Weekly Ezine Number 412
What Is Happening with Election Reform?
What Is Happening with Election Reform?
–We’re not doing a paragraph one this time so we can focus you on paragraph two.
Why Do We Need Ranked Choice Voting?
This Ezine has two purposes. First, to better explain why we need Ranked Choice Voting (RCV). Second (inspired by Max Skidmore’s letter to the editor) is to provide a clear example of the futility under our current system of casting your vote for President of the United States for someone other than the nominee of the Democratic or Republican Parties. We do so in hopes of providing a tool for you to inform others of the limitations of our current system and to generate interest in changing that limited system.
Why do we need Ranked Choice Voting (RCV)? We need RCV because RCV will enable voters to put in place negotiated settlements in our politics. RCV will enable us to achieve something close to peace in our government’s functioning and policies that the majority will be accepting of over the long term. So, how does that happen?
Imagine for a moment there was some sort of measuring scale that ranked the governing style of candidates and political parties. That scale assigns a score to those candidates and parties between zero and 100. For the sake of illustration, let’s say that 60% of voters want candidates and parties with a score of 45 or less. Let’s also say 40% of voters want candidates and parties with a score of 55 or better. That would be especially true in either case for a Presidential candidate. Let’s use those assumed facts for the following discussion of what happens when we hold elections using a Winner Takes All (WTA) ballot.
For the 40% of voters who want a score of 55 or better, our illustration makes their choice simple. There is only one party and its candidates who offer voters a government operated with a 55 or greater approach. Voters wanting a 55 or greater government will vote for the 55 or greater party and its candidates (Let’s call it Party A). So, out of 1,000 voters, 400 will vote for the 55 or greater Party, Party A. Now, to be clear, there are divisions and disagreements within Party A. Those disagreements are put away, however, by the members’ agreement to deliver a unified vote for its candidates.
For the 60% of voters who want a score of 45 or less, voting is more complicated. That’s because in our illustration there is one party and its candidates who offer a score of 40, but that only appeals to a portion of the remaining voters. Again, for illustration’s sake, let’s say 350 out of the 600 who want 45 or less will vote for Party B, which advocates for a score of 40.
This leaves 250 voters who want a Party and Candidates who will govern with a score of (again, for illustrative purposes) of 25. Those voters are Party C voters. For those voters, a score of 40 (even though its well below the other party’s score of 55) is not good enough to vote for. For Party C members, Party B is much too much like Party A and should therefore be shunned.
So what happens when we have an election using a winner take all ballot? Party A gets 400 votes, Party B gets 350 votes and Party C gets 175 votes. (Now, the alert among you reading this are quickly going to say, “That doesn’t add up to 1,000!” That’s because 75 Party C members decided that if they couldn’t win, then they would just stay home and not vote. A foolish and immature decision, as demonstrated by the results.) As a result, Party A, with overall 40% of the vote defeats the 60% who wanted to be governed by a 45 or less philosophy. The winner represents the minority, so the majority has to live under policies the majority does not want. Welcome to the real world too many voters in the voting public don’t seem to appreciate. If this result angers you, then we suggest you join us in our efforts to change to a system that will not allow such a result. The prime change we advocate for is, of course, RCV.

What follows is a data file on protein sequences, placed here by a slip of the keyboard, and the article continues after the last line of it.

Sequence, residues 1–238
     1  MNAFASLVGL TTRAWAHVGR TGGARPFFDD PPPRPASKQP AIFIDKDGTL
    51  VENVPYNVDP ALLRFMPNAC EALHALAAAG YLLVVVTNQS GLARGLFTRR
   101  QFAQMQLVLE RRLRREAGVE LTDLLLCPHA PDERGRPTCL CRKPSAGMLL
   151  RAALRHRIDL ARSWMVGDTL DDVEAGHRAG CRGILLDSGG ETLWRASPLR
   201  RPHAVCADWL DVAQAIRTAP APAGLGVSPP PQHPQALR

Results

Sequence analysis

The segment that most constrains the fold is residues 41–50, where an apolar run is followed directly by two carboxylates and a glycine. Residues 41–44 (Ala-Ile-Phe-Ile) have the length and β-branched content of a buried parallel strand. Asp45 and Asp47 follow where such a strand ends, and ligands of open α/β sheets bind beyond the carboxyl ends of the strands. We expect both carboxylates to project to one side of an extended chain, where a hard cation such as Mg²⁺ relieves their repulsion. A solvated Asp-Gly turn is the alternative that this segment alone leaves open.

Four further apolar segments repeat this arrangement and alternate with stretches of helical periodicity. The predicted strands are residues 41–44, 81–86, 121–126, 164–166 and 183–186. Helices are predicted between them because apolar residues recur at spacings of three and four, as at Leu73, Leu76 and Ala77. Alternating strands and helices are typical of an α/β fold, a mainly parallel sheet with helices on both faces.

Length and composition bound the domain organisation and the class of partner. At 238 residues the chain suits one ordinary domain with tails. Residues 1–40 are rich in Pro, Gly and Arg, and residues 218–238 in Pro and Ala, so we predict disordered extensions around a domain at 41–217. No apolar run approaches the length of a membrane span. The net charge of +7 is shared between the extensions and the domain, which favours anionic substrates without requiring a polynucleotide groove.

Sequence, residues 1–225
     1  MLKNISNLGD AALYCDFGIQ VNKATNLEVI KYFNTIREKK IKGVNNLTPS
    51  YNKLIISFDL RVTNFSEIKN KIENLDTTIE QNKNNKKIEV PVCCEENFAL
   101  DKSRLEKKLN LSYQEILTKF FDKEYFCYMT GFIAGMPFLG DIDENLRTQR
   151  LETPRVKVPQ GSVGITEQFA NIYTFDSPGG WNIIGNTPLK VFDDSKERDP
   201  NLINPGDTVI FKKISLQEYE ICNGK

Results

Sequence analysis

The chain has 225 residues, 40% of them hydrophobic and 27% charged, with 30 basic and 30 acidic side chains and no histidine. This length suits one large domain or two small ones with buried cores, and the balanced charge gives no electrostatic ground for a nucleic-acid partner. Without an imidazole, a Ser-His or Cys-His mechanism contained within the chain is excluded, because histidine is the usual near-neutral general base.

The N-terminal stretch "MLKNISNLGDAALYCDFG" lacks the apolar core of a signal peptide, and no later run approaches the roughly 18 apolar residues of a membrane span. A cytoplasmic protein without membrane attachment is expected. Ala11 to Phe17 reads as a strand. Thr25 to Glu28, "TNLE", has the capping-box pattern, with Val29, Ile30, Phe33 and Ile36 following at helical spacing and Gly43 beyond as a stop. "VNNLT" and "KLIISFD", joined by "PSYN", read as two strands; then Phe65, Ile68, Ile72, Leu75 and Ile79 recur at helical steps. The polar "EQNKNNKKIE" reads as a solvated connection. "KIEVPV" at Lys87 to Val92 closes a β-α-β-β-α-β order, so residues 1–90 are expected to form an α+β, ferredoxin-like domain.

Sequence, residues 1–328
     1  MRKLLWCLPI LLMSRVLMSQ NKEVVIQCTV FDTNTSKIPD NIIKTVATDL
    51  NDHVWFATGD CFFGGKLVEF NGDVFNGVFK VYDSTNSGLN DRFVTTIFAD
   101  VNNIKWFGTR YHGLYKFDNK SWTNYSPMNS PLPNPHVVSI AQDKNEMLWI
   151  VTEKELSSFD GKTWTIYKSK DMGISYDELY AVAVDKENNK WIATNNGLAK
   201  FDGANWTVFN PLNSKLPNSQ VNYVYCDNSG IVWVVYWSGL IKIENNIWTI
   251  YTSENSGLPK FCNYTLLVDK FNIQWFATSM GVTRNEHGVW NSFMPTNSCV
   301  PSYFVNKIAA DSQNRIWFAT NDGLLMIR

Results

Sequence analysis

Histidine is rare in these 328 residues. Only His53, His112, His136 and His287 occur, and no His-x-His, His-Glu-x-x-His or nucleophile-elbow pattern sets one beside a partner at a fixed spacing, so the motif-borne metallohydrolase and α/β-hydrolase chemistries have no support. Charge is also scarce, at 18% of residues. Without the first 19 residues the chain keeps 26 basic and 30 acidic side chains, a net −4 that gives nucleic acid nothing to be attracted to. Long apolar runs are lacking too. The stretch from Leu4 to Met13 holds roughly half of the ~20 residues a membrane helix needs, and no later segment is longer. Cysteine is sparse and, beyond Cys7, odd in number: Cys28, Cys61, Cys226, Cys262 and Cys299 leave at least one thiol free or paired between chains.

If RCV were in place, then the likely scenario would be this. Party B and C members, knowing the reality they face, would vote strategically to keep Party A from winning. In the first round of voting, Party A gets 400 votes, Party B gets 350 votes and Party C gets 200 votes (fewer of Party C voters stayed home). Party C’s candidate is defeated. Logically, to keep Party A from winning, Party C voters would make their second choice Party B. Party C voters would recognize that being governed by a philosophy score of 40 is far preferable to being governed by a philosophy score of 55 (which is likely to drift to an even larger number.)
So, by using RCV, Party B combines with Party C voters to defeat Party A in the second round, 550 votes to 400. Even with 50 Party C voters abstaining, Party B wins the election with a decisive majority. Voters in the example have sent a clear message of which philosophy they prefer to be governed with, especially with the office of President. The majority are going to have in place a President/an election result those voters can be satisfied with. Did all of them get absolutely everything they wanted? No, but getting absolutely everything they want is something rational adults have long since realized is unattainable. Rational adults value the teaching of Jim Rohn in such matters. Jim always taught that you should, “Learn how to be happy with what you have while you pursue all you want.”
To Party A members in this example, our message is this. The voters have spoken. The winners’ policies will be tried. If those policies fail, then you will have an opportunity in the next election to make your case, bring more voters to your side and win. That’s the nature of political life. In all life, be it political or economic, what makes life better is competition on a level playing field. Just remember, some days you eat the bear and some days the bear eats you.
There are other nuances worth detailing from this example. We’ll talk about those later.
See you next time.